The image side and object side mirrors 755, 756 may be designed and arranged mirror-symmetrically with respect to a symmetry plane (mirror group plane MGP) positioned midways between the mirrors orthogonal to the optical axis OA. However, to mirrors may have different curvatures of the concave mirror surfaces. Although both mirror surfaces are spherical in the embodiment, one or both mirror surfaces may be aspheric.
It is evident from
The absolute value of magnification β is close to 1, and the object field OF and image field IF are positioned on the same side on the optical axis. Since four reflections on concave mirrors are provided, a strong Petzval overcorrection can be obtained with relatively small mirror sags, which are preferable from a manufacturing point of view, particularly if a mirror surface is aspheric.
In an alternative embodiment, the mirrors M1 and M3 on the image side and M4 and M2 on the object side may be formed by reflective coatings on an transparent substrate to provide a single element Petzval corrector (compare e.g.
A mirror group having two multiply reflecting mirrors similar to that shown in
The catadioptric imaging system 1000 of
In the embodiment of a catadioptric imaging system 1200 in
The systems described above can be used in various fields of application, particularly where imaging with a flat image field is desired or necessary. For example, the systems described above may be incorporated into catadioptric projection objectives for microlithography to provide the major part or all of the means for correcting the Petzval sum. In
Embodiments according to
The focusing group FG consists of a first lens group LG21 and a second lens group LG22, an aperture stop A being positioned between the first and second lens groups where the chief ray CR crosses the optical axis OA. A first lens group LG21 includes positive refractive power (symbolized by double arrows with arrow heads facing outwardly) on the entrance side, followed by negative refractive power (symbolized by double arrows with arrow heads facing inside), followed by positive refractive power immediately prior to the aperture stop. Positive refractive power is concentrated between aperture stop A and image plane to provide high image side numerical aperture, typically with NA≧0.85 for a dry system or NA>1 for an immersion system.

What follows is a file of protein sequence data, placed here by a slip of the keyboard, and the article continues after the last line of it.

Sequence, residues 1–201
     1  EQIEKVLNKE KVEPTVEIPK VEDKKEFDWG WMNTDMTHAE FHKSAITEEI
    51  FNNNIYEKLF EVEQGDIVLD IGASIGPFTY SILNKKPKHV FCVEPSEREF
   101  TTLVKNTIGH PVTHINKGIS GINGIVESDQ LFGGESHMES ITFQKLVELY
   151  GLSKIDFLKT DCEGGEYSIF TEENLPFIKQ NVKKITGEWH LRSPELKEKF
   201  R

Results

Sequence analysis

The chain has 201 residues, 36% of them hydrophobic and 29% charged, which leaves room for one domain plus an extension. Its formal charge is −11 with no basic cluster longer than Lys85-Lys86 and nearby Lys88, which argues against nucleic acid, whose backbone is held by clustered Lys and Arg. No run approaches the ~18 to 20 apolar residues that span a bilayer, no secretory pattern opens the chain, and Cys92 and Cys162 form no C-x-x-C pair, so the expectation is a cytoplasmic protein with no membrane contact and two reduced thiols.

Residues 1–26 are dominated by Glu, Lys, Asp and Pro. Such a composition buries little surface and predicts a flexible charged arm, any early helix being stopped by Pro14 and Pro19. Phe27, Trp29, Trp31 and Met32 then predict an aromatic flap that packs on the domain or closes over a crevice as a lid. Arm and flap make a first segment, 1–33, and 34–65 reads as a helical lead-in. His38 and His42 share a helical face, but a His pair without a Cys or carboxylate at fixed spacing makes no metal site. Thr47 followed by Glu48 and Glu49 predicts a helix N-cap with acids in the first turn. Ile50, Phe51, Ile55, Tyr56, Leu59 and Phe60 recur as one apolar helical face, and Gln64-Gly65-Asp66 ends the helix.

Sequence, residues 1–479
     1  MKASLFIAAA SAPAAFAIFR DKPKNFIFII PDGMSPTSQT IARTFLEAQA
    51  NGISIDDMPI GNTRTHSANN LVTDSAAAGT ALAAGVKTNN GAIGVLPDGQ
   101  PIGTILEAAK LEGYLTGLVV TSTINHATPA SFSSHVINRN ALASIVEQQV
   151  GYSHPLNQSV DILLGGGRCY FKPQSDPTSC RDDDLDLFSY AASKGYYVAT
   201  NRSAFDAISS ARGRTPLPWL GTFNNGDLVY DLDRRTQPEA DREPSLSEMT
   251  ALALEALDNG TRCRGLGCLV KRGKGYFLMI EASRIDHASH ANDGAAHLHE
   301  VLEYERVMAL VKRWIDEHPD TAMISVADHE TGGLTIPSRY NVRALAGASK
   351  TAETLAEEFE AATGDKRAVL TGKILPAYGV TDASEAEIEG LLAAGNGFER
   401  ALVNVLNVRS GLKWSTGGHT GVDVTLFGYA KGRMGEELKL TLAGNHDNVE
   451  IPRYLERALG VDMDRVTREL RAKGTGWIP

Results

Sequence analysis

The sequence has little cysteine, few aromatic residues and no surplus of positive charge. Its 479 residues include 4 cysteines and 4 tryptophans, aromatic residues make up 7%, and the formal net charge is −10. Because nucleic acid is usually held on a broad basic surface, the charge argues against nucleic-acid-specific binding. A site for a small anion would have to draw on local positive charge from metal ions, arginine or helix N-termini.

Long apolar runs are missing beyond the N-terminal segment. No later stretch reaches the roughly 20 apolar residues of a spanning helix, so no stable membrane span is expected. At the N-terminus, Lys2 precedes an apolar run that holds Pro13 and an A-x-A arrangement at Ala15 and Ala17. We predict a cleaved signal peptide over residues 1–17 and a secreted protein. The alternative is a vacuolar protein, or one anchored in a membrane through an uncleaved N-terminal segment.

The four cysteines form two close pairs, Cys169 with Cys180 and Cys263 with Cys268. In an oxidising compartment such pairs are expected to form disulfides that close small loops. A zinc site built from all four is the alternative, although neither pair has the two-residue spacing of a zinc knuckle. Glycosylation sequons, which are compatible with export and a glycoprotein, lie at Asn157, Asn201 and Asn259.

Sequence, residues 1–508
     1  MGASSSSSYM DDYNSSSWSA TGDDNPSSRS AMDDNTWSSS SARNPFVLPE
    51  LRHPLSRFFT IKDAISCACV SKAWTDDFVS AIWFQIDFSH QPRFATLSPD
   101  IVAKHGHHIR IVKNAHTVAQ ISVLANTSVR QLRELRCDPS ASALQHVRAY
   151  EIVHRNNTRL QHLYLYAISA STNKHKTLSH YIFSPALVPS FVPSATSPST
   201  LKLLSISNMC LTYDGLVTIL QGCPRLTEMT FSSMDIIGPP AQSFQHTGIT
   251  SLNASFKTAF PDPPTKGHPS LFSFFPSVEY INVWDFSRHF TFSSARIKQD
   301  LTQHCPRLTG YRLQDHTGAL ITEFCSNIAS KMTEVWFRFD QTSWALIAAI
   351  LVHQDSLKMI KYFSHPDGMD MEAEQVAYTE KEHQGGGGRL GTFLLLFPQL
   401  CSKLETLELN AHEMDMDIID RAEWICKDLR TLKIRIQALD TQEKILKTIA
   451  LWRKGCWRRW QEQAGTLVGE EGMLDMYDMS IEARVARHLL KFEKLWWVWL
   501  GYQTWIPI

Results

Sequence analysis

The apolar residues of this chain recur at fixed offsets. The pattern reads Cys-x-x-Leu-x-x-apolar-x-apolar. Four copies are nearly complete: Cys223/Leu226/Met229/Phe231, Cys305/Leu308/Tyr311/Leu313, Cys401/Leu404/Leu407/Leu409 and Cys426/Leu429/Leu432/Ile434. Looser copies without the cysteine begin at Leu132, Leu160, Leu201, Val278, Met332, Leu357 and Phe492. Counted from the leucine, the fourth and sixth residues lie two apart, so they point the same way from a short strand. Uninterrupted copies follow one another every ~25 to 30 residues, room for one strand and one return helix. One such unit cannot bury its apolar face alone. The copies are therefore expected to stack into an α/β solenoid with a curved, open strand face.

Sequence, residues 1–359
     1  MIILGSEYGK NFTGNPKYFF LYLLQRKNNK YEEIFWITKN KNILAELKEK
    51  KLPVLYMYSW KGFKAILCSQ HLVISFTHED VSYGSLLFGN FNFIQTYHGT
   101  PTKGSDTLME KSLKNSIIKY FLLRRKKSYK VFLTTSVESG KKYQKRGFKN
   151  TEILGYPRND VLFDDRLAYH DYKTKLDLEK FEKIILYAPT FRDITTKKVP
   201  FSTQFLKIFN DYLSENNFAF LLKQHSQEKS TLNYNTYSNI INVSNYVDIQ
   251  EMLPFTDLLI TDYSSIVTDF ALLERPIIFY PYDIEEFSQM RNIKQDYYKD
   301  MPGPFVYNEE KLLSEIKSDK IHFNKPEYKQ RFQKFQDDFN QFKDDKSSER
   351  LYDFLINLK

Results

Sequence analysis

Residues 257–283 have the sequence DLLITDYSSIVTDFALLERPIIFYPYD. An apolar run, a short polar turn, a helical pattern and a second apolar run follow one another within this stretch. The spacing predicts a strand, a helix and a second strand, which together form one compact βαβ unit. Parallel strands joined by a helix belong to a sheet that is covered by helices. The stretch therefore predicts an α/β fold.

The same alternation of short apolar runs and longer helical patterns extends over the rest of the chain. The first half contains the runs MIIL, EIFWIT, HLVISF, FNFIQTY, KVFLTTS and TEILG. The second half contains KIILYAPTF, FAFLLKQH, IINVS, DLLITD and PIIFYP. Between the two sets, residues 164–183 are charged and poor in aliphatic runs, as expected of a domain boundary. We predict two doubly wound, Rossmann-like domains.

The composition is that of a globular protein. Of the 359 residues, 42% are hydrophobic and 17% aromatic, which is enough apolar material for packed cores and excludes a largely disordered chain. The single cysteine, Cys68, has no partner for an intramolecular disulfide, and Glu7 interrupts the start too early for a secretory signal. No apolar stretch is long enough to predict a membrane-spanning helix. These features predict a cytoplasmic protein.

In the arrangement schematically shown in
In order to solve this problem systems having a mirror group MG having four separate concave mirrors M1 to M4 are shown in the embodiment of
The mirror group MG allows for a very large geometrical light guidance value (etendu). The object side numerical aperture is NAo=0.3. On the image side, a numerical aperture NA=1.2 can be achieved if a focusing group having appropriate reduction ratio and an immersion fluid between the exit thereof and the image plane is used. The inner most object field point, which can be imaged without vignetting lies at about 40% of the object field diameter. In this particular embodiment, the larger mirrors placed on the opposite side of the object field (mirrors M1 and M4) are conical mirrors, whereas the smaller mirrors (arranged closer together on the object field side (mirrors M2 and M3) are spherical mirrors. Deviations from this symmetry can be provided to improve correction of pupil aberration. This can be obtained by using one or more aspheric mirror surfaces and/or by deviations from the constructive symmetry of the mirror group arrangement. The potential of the mirror group to transmit a large field at a large numerical aperture (expressed by a high value of etendu) is partly due to the fact that there exists a large axial distance (vertex distance) between the vertices of the mirrors on the entry side (mirrors M2 and M4) and on the exit side (mirrors M1 and M3). Providing an incoming beam, which is tilted obliquely to the optical axis, this allows that a large field can be “threaded” trough the mirror arrangement without vignetting.
In the variant of a catadioptric imaging system 1500 shown in
The embodiment of an image system 1600 in
In the embodiments of
Using the embodiments of
The maximum chief ray angle CRAmax at the front pupil surface FPS close to the mirror group entry is about 28° in